Drift Into Bliss with Yoga Nidra

Drift Into Bliss with Yoga Nidra

Yoga Nidra is a deliciously relaxing practice that’s becoming known and popular worldwide. A growing body of research continues to prove its effectiveness as a tool for reducing stress and supporting well-being.

Yoga Nidra means "yogic sleep", which is a little misleading. It's a form of guided meditation, usually practiced lying down to achieve effortless relaxation. You don’t go to sleep in the practice, but as your attention is drawn inwards, you easily achieve an enjoyable state of floating somewhere between sleeping and waking.

As the body finds its natural state of freedom and balance, the breath becomes quiet and thoughts calm. As you follow the guide's instructions, you’ll drift into deep, blissful awareness.

Or you’ll fall asleep, which is sometimes just what you need!


Why is Yoga Nidra Such a Great Way to Meditate? 

1. It’s easy to practice

Yoga asana (posture) classes aren’t for everyone. Some people find gruelling vinyasa sessions intimidating, exhausting, or downright inaccessible. Others find the classes too slow, and prefer a traditional cardio session.

With Yoga Nidra, there's no need to spend uncomfortable hours sitting cross-legged on the floor trying to meditate. Everyone can enjoy practicing Yoga Nidra, regardless of age or level of physical fitness.

2. You can’t do it wrong!

Novice meditators often struggle with the idea that they're not doing it right or can't do it at all.

And in regular yoga classes, despite all reassurances that it’s non-competitive, the temptation to compare ourselves to others is always there. It can be hard to escape that awful feeling that everyone else is doing it right, that we’re being judged. Even though in reality, we're often our own harshest judges.

With Yoga Nidra, no one can see you to judge you - so you're finally free to be in the moment and relish the experience! There is simply no right way or wrong way to do it!

All you have to do is lie down, and follow the voice of your guide. Then, as your body and mind sink into a blissful state of deep relaxation, it’s normal to drift in and out of awareness. And even if you sleep through most of it, you'll still enjoy all the restorative benefits of your Yoga Nidra practice.

3. It's simple to integrate into your daily routine

When your mind is racing with all your daily concerns, trying to 'clear the mind' with a seated meditation can be frustrating. It's not easy to switch off your thoughts and focus on your breath.

Yoga Nidra is a gentle way to solve this dilemma. It’s always guided, so all you have to do is follow the simple instructions. It can last anything from 10 minutes to an hour or longer, but as you gain experience, you’ll find it easier to access a state of profound relaxation in even a short session.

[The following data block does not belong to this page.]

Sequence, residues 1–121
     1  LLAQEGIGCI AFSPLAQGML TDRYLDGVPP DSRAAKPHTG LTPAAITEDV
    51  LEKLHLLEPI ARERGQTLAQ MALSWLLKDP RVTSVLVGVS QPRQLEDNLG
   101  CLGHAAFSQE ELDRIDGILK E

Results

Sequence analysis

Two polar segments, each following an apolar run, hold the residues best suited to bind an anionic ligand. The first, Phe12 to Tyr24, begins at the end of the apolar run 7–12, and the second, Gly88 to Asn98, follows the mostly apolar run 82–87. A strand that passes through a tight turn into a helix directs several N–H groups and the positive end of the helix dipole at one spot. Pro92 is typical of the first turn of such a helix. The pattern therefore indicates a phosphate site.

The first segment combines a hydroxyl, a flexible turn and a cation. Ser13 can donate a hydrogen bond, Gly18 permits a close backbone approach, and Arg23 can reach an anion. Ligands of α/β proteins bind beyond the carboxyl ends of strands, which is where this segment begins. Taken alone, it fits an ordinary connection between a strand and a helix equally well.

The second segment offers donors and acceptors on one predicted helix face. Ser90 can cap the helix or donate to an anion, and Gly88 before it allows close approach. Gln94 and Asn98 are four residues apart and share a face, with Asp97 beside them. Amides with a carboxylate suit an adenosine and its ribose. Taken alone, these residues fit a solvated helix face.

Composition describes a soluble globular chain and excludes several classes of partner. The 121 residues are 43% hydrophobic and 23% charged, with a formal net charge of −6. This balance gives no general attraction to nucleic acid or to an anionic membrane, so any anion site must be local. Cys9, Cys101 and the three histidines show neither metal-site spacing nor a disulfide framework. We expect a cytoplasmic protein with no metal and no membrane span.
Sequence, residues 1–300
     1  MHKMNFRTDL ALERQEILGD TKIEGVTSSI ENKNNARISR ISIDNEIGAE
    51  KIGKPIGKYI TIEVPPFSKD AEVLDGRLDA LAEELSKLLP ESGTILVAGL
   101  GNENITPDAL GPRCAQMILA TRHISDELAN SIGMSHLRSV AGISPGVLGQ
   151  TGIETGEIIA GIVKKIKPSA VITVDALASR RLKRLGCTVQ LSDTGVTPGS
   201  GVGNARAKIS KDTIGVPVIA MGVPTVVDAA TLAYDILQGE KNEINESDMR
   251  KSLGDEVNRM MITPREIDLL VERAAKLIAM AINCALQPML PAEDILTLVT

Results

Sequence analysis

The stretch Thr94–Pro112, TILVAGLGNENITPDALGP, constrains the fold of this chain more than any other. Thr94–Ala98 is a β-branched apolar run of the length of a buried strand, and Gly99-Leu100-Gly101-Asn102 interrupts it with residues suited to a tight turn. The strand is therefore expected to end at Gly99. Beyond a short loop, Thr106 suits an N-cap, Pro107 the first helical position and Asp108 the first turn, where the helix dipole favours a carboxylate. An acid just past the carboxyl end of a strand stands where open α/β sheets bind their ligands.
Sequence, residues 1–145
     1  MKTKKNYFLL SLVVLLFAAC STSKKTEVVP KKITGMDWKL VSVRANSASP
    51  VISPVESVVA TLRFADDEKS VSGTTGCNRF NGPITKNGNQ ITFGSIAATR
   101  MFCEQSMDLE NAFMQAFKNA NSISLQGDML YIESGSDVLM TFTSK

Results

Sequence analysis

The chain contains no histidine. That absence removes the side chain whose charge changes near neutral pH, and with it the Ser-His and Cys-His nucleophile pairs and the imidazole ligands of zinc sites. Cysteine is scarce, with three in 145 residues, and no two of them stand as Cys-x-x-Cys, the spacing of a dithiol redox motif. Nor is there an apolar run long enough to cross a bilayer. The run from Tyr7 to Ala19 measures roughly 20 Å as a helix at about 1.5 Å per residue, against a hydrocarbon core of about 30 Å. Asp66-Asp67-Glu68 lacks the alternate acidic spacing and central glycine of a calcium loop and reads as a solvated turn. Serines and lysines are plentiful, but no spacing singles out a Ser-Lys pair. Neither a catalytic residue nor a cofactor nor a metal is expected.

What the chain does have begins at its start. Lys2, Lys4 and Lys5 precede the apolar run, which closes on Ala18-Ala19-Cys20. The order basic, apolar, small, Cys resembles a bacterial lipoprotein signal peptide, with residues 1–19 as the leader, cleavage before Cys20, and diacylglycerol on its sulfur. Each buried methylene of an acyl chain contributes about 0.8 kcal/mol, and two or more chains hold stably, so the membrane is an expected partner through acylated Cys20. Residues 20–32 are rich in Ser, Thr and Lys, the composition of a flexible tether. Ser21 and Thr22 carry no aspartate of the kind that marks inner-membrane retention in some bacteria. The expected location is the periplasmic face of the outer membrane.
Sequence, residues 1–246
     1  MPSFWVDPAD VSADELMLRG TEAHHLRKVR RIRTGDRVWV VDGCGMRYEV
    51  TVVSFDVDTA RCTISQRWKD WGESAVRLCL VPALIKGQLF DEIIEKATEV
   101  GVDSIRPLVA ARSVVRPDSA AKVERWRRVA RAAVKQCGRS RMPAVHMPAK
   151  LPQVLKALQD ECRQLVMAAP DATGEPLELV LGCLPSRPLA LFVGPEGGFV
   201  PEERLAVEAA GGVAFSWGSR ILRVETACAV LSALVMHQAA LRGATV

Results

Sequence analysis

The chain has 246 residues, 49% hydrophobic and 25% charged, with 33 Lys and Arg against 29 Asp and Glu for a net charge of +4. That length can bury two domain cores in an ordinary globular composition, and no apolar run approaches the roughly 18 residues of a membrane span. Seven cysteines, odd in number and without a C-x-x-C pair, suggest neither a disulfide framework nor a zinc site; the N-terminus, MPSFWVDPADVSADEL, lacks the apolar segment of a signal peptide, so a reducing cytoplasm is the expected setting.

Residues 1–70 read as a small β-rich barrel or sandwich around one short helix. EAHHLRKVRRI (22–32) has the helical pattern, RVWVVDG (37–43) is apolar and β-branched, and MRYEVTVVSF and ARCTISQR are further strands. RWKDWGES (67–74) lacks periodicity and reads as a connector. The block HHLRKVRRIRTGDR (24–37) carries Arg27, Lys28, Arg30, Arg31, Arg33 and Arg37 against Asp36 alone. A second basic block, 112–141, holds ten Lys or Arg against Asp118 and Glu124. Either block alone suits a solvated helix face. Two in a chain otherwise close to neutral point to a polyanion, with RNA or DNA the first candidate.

If you have trouble sleeping, practicing Yoga Nidra at bedtime can help you achieve a deep, refreshing night's rest. Or, if you experience an afternoon energy dip, a short practice can clear your mind and restore your energy for the rest of the day.

4. It’s an easy way to lower stress levels

Yoga Nidra supports a deep level of rest and relaxation that isn't easy to access in a seated meditation practice.

The initial stages of body scanning and breath awareness can form a short practice to calm the sympathetic nervous system (the fight or flight response which is activated during much of our busy, tech-obsessed lives). 

However, even this type of short session allows the body to switch on our parasympathetic nervous system – our 'rest and digest state. This enjoyable, relaxed state helps us to face daily stresses with more resilience and, overall, leads us to a greater sense of well-being.

5. Yoga Nidra is a profound act of self-care

 While many people enjoy Yoga Nidra purely for the deep levels of relaxation it brings, others value it for the safe, non-judgmental approach as they explore their deeper selves.

With experience, and for those who want to go deeper, yoga Nidra can provide a space for examining and releasing long-held emotions, beliefs, and past experiences.

Whichever approach you choose, and however much time you devote to it, each yoga Nidra session helps to melt stress from the body, mind, and emotions.


The Effect of Yoga Nidra on the Brain

Parasympathetic nervous system

Studies have shown that when we shift from our sympathetic (fight or flight) to our parasympathetic (rest and digest) nervous system, there are significant benefits for the immune and digestive systems as well as the ability to manage anxiety. 

The benefits of yoga Nidra last far beyond the practice itself.


Even a brief yoga Nidra practice can achieve deep relaxation that activates the pineal gland and stimulates it to release the potent antioxidant hormone melatonin.   

Melatonin has been extensively studied and offers an incredible range of health benefits, including supporting immune function, reducing blood pressure, lowering cortisol, and inducing restful sleep.

Delta-Wave State

As Yoga Nidra begins, the brain is typically in an active beta wave state. Beta waves are associated with conscious, logical thinking.

As the practice moves through the different stages, it helps the brain to transition into an alpha state of calm relaxation by supporting the production of serotonin, the feel-good hormone.